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Saturday 01 January 2000

Low- and high-dose fluticasone propionate in asthma; effects during and after treatment.

By: Gershman NH, Wong HH, Liu JT, Fahy JV.

Eur Respir J 2000 Jan;15(1):11-8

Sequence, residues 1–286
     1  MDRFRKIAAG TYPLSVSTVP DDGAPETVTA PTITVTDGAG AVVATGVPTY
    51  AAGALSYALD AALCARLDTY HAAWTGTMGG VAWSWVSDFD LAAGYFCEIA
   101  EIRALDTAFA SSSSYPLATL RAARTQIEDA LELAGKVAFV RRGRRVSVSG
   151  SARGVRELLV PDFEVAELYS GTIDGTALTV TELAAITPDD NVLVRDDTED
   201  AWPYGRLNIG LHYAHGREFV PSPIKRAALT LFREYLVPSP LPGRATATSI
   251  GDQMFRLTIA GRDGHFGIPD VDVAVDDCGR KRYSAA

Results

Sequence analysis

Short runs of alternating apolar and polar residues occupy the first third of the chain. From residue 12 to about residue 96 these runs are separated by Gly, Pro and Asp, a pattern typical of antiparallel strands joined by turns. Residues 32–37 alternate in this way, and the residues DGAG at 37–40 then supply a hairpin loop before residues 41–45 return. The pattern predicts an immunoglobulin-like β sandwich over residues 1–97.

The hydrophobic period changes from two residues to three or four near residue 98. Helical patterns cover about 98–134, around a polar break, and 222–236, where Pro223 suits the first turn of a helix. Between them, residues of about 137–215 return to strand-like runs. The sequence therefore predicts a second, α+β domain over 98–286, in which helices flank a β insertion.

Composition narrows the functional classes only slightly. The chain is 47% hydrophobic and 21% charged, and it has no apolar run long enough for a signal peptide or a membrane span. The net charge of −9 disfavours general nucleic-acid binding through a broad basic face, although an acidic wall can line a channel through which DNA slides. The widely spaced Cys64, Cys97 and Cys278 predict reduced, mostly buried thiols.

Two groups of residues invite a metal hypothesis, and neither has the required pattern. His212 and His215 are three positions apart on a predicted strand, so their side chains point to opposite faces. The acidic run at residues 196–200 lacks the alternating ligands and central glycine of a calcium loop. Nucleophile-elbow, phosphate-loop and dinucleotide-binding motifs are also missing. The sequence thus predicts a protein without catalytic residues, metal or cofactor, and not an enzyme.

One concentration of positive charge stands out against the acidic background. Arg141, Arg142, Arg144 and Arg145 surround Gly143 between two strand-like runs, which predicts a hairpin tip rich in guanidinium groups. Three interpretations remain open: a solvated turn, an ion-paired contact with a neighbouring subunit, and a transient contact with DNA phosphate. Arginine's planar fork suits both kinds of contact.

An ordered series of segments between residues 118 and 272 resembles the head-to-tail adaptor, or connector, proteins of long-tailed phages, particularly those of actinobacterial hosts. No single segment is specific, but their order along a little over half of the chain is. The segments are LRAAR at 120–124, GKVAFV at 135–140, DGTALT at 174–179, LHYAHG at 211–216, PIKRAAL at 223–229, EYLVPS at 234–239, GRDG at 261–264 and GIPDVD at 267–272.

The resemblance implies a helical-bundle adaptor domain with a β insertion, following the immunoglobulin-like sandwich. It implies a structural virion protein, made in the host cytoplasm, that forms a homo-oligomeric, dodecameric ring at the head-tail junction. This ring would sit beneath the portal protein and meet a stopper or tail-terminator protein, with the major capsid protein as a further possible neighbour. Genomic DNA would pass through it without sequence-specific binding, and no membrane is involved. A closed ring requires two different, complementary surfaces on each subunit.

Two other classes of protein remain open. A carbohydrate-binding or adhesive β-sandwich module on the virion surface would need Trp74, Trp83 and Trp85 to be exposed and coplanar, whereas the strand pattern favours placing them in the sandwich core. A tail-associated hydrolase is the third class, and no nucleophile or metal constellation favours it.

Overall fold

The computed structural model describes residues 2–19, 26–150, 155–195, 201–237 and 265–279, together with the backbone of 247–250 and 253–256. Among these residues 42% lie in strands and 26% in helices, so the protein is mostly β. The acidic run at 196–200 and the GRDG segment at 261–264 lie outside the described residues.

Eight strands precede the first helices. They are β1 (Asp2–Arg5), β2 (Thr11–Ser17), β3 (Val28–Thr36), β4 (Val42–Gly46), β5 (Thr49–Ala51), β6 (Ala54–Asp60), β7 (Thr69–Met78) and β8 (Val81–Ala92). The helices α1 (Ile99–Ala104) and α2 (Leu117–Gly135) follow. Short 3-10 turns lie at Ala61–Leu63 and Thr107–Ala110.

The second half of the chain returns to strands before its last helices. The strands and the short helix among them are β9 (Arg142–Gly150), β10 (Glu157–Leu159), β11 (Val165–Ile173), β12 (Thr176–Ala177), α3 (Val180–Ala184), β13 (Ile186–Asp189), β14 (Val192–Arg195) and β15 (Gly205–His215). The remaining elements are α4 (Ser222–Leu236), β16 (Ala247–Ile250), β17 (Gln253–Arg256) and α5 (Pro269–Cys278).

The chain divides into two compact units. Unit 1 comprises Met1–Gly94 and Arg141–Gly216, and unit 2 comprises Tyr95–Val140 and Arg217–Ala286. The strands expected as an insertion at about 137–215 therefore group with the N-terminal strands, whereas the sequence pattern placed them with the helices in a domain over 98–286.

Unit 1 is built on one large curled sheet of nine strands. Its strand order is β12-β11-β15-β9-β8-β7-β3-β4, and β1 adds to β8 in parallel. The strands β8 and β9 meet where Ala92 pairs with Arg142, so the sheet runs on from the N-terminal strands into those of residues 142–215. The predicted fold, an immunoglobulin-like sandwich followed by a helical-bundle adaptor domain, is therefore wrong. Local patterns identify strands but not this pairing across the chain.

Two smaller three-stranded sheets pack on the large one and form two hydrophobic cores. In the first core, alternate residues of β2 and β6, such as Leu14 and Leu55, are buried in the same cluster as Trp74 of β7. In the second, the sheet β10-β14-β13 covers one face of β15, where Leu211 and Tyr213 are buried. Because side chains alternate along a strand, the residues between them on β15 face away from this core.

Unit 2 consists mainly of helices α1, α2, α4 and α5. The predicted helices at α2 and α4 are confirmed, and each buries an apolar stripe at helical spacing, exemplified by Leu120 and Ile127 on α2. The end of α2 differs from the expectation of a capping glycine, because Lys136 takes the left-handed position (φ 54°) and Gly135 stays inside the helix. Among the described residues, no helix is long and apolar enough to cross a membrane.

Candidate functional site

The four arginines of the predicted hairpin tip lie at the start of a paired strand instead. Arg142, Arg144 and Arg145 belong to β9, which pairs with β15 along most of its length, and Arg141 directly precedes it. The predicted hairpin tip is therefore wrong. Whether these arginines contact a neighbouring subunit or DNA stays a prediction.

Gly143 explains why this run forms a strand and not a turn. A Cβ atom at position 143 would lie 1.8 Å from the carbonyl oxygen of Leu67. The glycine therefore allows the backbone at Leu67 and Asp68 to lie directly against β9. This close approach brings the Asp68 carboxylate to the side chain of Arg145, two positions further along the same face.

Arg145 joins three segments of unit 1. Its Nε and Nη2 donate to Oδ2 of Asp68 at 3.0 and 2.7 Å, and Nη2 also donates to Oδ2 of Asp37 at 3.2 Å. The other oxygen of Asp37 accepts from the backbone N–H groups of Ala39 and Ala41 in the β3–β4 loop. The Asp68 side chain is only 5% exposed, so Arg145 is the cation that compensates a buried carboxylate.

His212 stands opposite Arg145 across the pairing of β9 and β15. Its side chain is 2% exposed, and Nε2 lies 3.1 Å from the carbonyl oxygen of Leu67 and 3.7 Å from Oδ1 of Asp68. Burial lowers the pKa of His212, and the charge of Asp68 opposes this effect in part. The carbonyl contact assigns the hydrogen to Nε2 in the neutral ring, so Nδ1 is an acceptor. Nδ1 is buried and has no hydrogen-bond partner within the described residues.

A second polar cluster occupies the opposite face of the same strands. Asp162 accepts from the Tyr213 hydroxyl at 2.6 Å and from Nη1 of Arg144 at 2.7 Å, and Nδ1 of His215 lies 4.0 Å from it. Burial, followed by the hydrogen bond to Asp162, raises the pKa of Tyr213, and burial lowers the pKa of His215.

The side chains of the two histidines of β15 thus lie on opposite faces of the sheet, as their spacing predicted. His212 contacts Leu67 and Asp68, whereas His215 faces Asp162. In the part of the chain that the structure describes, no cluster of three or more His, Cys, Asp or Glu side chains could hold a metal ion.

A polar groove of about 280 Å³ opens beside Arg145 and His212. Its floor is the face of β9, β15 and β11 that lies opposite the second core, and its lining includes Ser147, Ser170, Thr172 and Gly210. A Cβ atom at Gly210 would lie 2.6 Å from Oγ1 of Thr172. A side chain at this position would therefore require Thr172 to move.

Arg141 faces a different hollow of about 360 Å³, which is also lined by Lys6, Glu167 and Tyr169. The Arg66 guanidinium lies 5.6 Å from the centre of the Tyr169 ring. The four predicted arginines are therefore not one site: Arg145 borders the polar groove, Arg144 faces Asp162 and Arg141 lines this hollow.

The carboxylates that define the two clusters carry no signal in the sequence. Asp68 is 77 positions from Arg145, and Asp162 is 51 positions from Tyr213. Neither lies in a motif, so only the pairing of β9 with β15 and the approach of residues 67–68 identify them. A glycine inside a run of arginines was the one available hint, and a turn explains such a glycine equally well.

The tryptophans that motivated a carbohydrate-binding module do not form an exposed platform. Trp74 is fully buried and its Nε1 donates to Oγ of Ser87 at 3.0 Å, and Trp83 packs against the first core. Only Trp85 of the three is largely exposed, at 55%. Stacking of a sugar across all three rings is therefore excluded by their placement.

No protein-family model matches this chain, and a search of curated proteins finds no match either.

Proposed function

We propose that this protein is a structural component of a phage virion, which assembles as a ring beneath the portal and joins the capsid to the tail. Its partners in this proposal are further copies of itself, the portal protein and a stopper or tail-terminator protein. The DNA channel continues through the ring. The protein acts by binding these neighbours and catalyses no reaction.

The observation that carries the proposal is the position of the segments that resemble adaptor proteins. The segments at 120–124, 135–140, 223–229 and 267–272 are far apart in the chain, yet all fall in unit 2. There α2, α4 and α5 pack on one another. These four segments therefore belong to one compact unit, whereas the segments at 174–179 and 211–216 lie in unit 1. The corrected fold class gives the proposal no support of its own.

The dose dependency of the effects of inhaled corticosteroids on markers of asthmatic airway inflammation have not been well studied. There is a need to study the dose/response effects on this inflammation. In order to determine the dose/response effects of fluticasone propionate (FP), 24 asthmatic subjects were randomized to low- (100 microg x day(-1)) or high-dose (1,000 microg x day(-1)) FP for six weeks followed by placebo for 3 weeks. During treatment, the median increase in forced expiratory volume in one second (FEV1)was 12% in the high-dose group (p<0.05) and 10% in the low-dose group (p<0.05) (p>0.05 between groups); the median decrease in the percentage of sputum eosinophils was 93% in the high-dose group (p<0.05) and 46% in the low-dose group (p<0.05) (p>0.05 between groups). Symptoms, salbutamol use, morning peak flow, provocative concentration of methacholine causing a 20% fall in FEV1 (PC20), sputum eosinophil cationic protein concentration and tryptase activity improved significantly in both groups (p<0.05), but only the improvement in salbutamol use was greater in the high-dose group (p<0.05). During the run-out, the improvements in FEV1 and PC20 were rapidly reversed in both groups, but the improvements in peak flow and tryptase activity persisted; the improvement in sputum eosinophil concentration persisted only in the high-dose group (p<0.05). It was concluded that dose/response effects for FP are not easily demonstrable because low-dose FP is quite effective. For most outcomes, the effects of high- and low-dose FP are relatively short-lived after treatment is stopped. This finding raises questions about the extent to which inhaled corticosteroids are disease-modifying in asthma.

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